There are over 2,000 species of sea star living in all the world’s oceans, and they come in a variety of striking colors. Though they typically have five arms, some species can have less, or more, with some reaching up to 40 limbs.
These invertebrates have two stomachs--one is used for digestion, and the second one can be everted out to devour and digest its victim. They are carnivores that usually snack on shelled animals such as mussels and clams. Using their tiny, suction-cupped tube feet, most species have the remarkable ability to force open the shells of bivalve mollusks, and their sack-like cardiac stomach comes out from their mouth and flows out inside the shell. The stomach then swallows up the victim to digest it, and finally retracts back into the body.
The sunflower sea star (2nd photo) is the largest sea star in the world. It has 16-24 arms that can grow up to 1 m (3 ft) across. Its color ranges from bright orange, yellow and red to brown and sometimes purple.
Some common sea star species include:
Carpet sea star — is native to southern Australia. They dwell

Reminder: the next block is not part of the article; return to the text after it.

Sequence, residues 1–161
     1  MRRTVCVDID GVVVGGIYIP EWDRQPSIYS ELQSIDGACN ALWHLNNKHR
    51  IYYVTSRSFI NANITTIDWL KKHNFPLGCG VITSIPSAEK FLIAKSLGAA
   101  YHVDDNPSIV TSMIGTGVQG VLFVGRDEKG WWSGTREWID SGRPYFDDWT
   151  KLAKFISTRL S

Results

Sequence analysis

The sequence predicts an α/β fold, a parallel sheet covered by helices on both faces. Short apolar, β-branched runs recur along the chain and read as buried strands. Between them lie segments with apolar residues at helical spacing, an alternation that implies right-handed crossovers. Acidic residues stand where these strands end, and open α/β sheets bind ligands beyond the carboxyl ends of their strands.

on rock pools and can be found in four color variations: the cushion sea
star has eight arms and can be any color or combination of colors; the
Patiriella exigua is turquoise with five arms; the P. brevespina is
purple with orange feet and six arms, and the P. gunii can be in any
color and has six arms.
Crown-of-thorns sea star (6th photo here) — is the second
largest sea star in the world. It is a nocturnal sea star that was named
from the venomous thorn-like spines that cover its body. They can be
found in tropical coral reefs in the Red Sea, the Indian Ocean, and the
Pincushion sea star (4th photo) — they live in tropical oceans. The species Culcita schmideliana has patches of different colors and doesn't have any limbs.